In this post I’ll be covering three easy tips to help you sharpen your knives. Lets face it, sharpening can be a challenge, especially if you are getting into freehand sharpening. These tips are great for the beginner to intermediate sharpener that is trying to get their sharpening game to the next level.
I mainly use these tips when I am freehand sharpening, but they work just as well for sharpening systems like the Sharpmaker and Lansky systems. Perhaps the best part about these tips is that you can put them into action immediately, and they won’t cost you a dime.
1. Use a Marker
This tip is pretty straightforward. Grab a marker and “paint” the edge of your knife before you start to sharpen it. The goal is to work the marker off your knife evenly during sharpening. A mistake a lot of people make when they first get into freehand sharpening is that they raise or lower the blade as they perform a sharpening stroke. When you do that you typically fail to sharpen the entire length of the edge. The marker trick makes it easy to confirm that you are sharpening the entire length of the edge, and also lets you know are holding the knife at the right angle as well.
This is is a great tip if you have temporarily lost your sharpening “mojo” or just want more feedback when sharpening your knife. In my opinion one of the biggest challenges to freehand sharpening is the lack of feedback – obviously you know whether the knife got sharp or not, but it can be hard to see exactly what is going on. The marker trick provides valuable feedback and ensures you are sharpening your entire edge.
2. Use a Lubricant
We already know that lube makes everything better, so it should come as no surprise that applying a lubricant to your sharpening stone will improve the sharpening experience as well. I typically use water and dish soap, or oil (WD-40 is fine) as my primary sharpening lubricants, and I’ve had good success with both. But don’t start slathering your stones in the slick stuff just yet – determine the right lubricant for your stone first. I’ve gone ahead and broken it down for you:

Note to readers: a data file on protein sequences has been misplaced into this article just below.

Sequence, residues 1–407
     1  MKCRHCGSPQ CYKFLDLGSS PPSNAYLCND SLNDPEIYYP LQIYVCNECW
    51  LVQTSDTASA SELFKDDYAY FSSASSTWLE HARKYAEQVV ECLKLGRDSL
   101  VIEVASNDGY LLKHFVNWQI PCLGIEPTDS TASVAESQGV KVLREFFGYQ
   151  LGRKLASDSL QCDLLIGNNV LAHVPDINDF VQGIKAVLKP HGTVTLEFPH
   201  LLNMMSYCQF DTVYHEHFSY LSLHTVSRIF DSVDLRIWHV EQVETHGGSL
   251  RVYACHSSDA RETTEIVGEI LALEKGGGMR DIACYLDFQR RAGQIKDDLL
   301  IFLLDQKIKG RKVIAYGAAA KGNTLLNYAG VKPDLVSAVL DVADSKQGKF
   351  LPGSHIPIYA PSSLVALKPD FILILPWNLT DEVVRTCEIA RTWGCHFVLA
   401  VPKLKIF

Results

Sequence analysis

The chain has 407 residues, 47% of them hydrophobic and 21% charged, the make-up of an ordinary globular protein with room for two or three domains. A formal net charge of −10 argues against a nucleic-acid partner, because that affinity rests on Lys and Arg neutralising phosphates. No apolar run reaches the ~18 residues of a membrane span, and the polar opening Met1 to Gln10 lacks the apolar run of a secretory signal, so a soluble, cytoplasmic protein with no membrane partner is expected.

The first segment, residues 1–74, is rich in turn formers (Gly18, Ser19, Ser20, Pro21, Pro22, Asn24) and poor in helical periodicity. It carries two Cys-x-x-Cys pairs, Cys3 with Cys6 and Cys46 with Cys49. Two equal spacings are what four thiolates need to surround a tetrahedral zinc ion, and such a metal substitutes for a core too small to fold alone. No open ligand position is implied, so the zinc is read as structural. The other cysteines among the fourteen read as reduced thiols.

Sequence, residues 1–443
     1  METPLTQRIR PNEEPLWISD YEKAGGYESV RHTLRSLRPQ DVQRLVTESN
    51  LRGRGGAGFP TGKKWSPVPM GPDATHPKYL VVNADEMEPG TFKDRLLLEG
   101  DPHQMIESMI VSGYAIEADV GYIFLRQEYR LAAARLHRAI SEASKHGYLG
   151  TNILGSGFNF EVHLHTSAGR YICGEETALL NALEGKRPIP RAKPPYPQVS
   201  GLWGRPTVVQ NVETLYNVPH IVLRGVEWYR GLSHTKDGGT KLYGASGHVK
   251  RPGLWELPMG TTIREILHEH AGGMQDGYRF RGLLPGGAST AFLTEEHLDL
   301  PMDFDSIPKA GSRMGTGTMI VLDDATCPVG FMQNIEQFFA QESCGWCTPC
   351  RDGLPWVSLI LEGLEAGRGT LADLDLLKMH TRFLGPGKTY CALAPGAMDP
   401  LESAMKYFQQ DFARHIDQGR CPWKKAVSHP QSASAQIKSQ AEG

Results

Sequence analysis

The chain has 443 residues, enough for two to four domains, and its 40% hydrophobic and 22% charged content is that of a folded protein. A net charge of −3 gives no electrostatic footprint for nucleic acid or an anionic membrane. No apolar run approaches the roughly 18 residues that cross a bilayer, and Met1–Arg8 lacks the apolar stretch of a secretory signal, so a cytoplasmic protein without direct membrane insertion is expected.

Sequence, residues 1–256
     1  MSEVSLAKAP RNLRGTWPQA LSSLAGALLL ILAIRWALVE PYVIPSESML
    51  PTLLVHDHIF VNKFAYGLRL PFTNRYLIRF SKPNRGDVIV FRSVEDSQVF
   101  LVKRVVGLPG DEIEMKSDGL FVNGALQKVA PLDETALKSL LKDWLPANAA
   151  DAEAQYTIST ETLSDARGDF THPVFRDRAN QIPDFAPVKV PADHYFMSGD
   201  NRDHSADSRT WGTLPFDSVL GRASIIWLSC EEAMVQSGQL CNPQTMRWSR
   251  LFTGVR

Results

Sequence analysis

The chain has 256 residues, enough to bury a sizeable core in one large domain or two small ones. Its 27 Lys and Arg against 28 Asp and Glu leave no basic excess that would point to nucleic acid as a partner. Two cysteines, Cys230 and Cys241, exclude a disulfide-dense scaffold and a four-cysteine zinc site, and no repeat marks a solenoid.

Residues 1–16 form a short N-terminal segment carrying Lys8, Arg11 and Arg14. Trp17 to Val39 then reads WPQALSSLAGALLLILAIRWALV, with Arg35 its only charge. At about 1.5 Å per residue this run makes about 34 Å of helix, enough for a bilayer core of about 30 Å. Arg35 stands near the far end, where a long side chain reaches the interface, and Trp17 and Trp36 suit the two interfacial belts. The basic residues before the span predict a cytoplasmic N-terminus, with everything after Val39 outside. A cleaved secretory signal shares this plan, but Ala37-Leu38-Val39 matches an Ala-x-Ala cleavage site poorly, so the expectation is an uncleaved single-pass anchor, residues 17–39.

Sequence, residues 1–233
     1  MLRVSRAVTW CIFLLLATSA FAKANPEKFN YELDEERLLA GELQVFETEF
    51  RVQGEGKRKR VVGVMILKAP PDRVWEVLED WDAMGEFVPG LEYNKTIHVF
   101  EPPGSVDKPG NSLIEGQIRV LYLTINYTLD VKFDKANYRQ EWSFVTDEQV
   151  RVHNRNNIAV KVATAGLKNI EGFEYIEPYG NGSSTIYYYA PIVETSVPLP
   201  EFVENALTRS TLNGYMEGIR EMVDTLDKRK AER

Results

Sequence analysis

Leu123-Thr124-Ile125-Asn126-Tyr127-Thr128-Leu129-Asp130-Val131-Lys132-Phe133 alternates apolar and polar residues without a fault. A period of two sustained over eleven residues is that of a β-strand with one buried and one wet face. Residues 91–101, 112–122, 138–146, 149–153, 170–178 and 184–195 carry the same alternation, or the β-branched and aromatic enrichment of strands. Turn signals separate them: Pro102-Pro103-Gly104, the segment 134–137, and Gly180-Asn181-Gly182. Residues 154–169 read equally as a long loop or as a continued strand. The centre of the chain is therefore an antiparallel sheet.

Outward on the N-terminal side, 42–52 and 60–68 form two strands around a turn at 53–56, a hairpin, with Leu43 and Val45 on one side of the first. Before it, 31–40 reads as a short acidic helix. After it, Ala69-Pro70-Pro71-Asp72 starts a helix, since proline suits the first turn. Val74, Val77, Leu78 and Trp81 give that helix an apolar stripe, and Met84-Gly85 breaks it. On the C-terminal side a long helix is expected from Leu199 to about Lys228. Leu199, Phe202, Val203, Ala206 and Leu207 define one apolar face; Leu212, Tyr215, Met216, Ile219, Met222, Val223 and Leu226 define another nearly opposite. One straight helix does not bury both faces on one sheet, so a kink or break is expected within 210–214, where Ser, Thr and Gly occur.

- Japanese Water Stones – Don’t use any lubricant. Just add water.
- Ceramic Stones – Water and a little dish soap
- Diamond Stones – Water and soap, or oil
- Arkansas Stones – Oil
Sometimes a lubricant can be messy and more trouble than it’s worth, but with stubborn steels going the extra mile and adding a lubricant first can really help you achieve better results. I find using a lubricant typically leaves a nicer finish on the edge as well.
3. Film Yourself Sharpening
This final tip is kind of geeky, but it’s one of my favorites and can really improve your sharpening skills. The tip is to film yourself sharpening. Much in the same way golfers film their swing to improve their drive, you can get better edges by recording a video of yourself and learning from the footage. I happen to film videos for YouTube so this was an easy one for me, but you don’t have to be Steven Spielburg to harness the power of film. Use a camcorder if you have one, or just rig your cell phone up to capture some footage. Break out the popcorn, enjoy the show, and prepare get a whole new perspective on your sharpening technique.
I like this tip a lot, and find that I learn something new almost every time I review my own sharpening footage. If you are really feeling frisky, upload the footage to YouTube for others to critique.
There you go, 3 easy ways to take your sharpening skills to the next level. These are tips I use myself and have generally had great success with them. Let me know what you think, and feel free to add your own tips and tricks in the comments section below.